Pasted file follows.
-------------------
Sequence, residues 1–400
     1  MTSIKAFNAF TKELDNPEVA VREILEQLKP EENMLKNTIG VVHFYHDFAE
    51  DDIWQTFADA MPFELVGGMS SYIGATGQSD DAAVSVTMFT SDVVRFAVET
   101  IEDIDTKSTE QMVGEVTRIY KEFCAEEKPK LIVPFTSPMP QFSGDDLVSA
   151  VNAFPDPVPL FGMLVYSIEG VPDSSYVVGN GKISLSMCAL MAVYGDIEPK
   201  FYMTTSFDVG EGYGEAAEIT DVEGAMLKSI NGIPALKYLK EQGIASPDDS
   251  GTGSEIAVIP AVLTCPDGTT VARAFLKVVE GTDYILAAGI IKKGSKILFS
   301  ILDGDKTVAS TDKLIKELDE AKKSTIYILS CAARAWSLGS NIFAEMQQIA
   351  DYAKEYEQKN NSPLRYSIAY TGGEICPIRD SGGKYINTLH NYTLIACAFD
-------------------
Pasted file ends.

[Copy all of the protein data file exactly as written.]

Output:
Sequence, residues 1–400
     1  MTSIKAFNAF TKELDNPEVA VREILEQLKP EENMLKNTIG VVHFYHDFAE
    51  DDIWQTFADA MPFELVGGMS SYIGATGQSD DAAVSVTMFT SDVVRFAVET
   101  IEDIDTKSTE QMVGEVTRIY KEFCAEEKPK LIVPFTSPMP QFSGDDLVSA
   151  VNAFPDPVPL FGMLVYSIEG VPDSSYVVGN GKISLSMCAL MAVYGDIEPK
   201  FYMTTSFDVG EGYGEAAEIT DVEGAMLKSI NGIPALKYLK EQGIASPDDS
   251  GTGSEIAVIP AVLTCPDGTT VARAFLKVVE GTDYILAAGI IKKGSKILFS
   301  ILDGDKTVAS TDKLIKELDE AKKSTIYILS CAARAWSLGS NIFAEMQQIA
   351  DYAKEYEQKN NSPLRYSIAY TGGEICPIRD SGGKYINTLH NYTLIACAFD